Industry: Economy
News
Sept. 7, 2017

Germany has fashioned itself a new brand for the 21st century as the global green leader, but it’s nowhere close to meeting the ambitious greenhouse gas (GHG) reduction targets it set for itself. The German government has targeted a 40 percent reduction of GHG emissions by 2020, as compared to 1990 levels, but with less than three years to go the country remains far from achieving that goal. Berlin already admitted that the 40 percent goal likely wasn’t possible, and instead lowered its sights to a 35 percent reduction, but even that seems unlikely now. A new study from the green think tank Agora Energiewende says Germany is likely to achieve only a 30-31 percent reduction.

News
Sept. 7, 2017

Some mistake the corporate income tax as the entirety of a business’s tax burden. However, businesses pay many types of taxes outside of the corporate income tax, including sales tax, property tax, excise tax, payroll tax, and more. The corporate income tax makes up only 9.5 percent of total business taxes.

Today’s map shows how much state governments collect in corporate income taxes per capita. New Hampshire collects the most at $433 per capita, with Delaware shortly behind at $424 per capita. Delaware also levies a gross receipts tax in addition to the corporate income tax. Alaska’s ranking of fifth highest in the country may surprise people, but it is mainly due to a large number of extractive companies and the relatively small population.

News
Sept. 7, 2017

In what has been an up-and-down year, California businesses exported merchandise valued at $13.3 billion in July, down a modest 1.5 percent from shipments valued at $13.51 billion in July 2016.

Report

Labor market conditions tightened further, and upward wage pressure intensified in most parts of the District. Shortages of software engineers, particularly those with experience in cloud computing, boosted wages in the technology industry. Robust labor demand in the online retail sector boosted hiring in the Seattle area. Shortages of skilled labor somewhat restricted production in the manufacturing sector. While employee levels were unchanged in the pharmaceutical industry, contacts noted that some large companies began to move some production facilities to lower cost locales outside of the District. Wages in the construction sector continued to climb due to shortages of qualified contractors. Investments in automation in the agriculture sector picked up further, as labor shortages persisted and businesses sought to increase production efficiency. Legalization of cannabis increased demand for low-skilled workers in parts of the District.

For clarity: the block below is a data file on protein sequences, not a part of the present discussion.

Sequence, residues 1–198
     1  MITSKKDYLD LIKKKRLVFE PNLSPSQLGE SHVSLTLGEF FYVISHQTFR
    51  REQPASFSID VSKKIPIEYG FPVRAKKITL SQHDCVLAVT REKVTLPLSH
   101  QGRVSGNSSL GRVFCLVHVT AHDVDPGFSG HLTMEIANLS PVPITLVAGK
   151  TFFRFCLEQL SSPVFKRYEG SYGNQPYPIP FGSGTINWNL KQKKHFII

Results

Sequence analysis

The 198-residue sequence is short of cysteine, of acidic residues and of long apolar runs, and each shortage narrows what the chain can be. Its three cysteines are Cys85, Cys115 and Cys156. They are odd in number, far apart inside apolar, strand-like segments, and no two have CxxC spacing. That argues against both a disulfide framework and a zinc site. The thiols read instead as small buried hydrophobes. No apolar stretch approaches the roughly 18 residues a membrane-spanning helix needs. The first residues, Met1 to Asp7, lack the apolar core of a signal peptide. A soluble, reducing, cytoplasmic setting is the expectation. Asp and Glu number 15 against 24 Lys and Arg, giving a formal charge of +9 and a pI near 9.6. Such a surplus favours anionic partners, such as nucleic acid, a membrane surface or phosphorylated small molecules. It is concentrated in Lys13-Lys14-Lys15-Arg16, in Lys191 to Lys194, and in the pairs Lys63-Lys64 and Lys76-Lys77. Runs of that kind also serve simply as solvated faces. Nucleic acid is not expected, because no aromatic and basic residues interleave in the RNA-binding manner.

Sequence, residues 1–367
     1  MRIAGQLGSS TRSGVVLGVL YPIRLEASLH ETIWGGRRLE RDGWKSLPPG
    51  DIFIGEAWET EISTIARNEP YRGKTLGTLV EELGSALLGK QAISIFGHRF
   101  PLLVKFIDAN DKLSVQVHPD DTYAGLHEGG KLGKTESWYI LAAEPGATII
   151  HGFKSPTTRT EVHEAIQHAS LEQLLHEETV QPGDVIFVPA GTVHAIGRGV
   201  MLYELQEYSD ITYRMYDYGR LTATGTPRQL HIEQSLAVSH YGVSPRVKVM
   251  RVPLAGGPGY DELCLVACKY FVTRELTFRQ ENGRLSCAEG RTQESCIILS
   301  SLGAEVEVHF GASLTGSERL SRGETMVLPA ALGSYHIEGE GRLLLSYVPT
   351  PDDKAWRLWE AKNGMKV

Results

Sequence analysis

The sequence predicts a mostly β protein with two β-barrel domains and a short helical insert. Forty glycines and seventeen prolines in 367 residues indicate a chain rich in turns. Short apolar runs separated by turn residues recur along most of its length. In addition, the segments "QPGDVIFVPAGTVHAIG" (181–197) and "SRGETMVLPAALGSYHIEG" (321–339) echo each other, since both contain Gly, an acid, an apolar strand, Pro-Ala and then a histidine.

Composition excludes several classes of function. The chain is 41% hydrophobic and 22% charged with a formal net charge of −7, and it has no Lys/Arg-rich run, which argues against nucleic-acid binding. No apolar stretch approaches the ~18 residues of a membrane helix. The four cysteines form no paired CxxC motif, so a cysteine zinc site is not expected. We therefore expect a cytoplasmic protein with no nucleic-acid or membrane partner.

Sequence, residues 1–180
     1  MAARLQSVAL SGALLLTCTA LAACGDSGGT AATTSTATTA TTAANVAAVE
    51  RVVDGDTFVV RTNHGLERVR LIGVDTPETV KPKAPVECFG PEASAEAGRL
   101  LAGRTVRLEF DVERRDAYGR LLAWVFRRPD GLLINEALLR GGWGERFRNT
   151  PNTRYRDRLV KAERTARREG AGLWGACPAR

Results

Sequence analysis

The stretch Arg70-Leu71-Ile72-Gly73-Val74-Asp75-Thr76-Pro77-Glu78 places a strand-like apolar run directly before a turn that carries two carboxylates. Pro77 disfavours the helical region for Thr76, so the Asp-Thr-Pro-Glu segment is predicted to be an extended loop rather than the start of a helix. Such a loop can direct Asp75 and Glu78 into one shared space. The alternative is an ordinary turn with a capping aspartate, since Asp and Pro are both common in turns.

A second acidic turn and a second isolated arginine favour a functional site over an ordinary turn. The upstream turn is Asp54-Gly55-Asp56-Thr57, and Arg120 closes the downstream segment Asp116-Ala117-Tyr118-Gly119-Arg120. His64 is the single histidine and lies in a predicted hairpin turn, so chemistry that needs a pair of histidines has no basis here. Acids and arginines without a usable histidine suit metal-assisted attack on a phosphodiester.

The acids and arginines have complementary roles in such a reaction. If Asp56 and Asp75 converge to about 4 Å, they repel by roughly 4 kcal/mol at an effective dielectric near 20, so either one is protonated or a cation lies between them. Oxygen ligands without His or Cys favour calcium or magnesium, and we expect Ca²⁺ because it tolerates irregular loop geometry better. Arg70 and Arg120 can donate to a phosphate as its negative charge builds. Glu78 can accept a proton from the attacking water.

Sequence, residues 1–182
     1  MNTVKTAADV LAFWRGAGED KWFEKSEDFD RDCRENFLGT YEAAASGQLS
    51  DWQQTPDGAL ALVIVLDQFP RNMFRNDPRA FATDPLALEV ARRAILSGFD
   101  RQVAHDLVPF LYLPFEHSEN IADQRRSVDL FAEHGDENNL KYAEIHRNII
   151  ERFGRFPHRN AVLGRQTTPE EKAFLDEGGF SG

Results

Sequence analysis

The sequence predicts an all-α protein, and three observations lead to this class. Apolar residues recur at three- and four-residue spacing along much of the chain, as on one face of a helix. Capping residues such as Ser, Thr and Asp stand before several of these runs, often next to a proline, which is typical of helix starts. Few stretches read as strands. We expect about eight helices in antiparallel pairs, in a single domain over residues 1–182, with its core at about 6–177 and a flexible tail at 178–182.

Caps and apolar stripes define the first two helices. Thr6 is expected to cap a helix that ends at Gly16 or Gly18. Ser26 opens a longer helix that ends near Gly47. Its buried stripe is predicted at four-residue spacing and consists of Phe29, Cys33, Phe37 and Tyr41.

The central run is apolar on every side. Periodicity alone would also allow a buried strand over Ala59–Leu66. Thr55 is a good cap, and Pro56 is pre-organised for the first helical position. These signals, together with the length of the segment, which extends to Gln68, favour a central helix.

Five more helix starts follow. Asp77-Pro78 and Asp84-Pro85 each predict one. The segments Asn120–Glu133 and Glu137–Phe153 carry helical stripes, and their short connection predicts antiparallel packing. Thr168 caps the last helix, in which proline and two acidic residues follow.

News
Sept. 6, 2017

Land-use restrictions are a significant drag on economic growth in the United States. The creeping web of these regulations has smothered wage and gross domestic product growth in American cities by a stunning 50 percent over the past 50 years. Without these regulations, our research shows, the United States economy today would be 9 percent bigger — which would mean, for the average American worker, an additional $6,775 in annual income. For most of the 20th century, workers moved to areas where new industries and opportunities were emerging. This was the locomotive behind American prosperity. Agricultural workers moved from the countryside to booming cities like Pittsburgh and Detroit. In the Great Migration, some six million African-Americans left the South for manufacturing jobs in cities like Chicago and Buffalo. Today, this locomotive of prosperity has broken down. Finance and high-tech companies in cities like New York, Boston, Seattle and San Francisco find it difficult to hire because of the high cost of housing. When an unemployed worker in Detroit today finds a well-paying job in San Francisco, she often cannot afford the cost of housing there.

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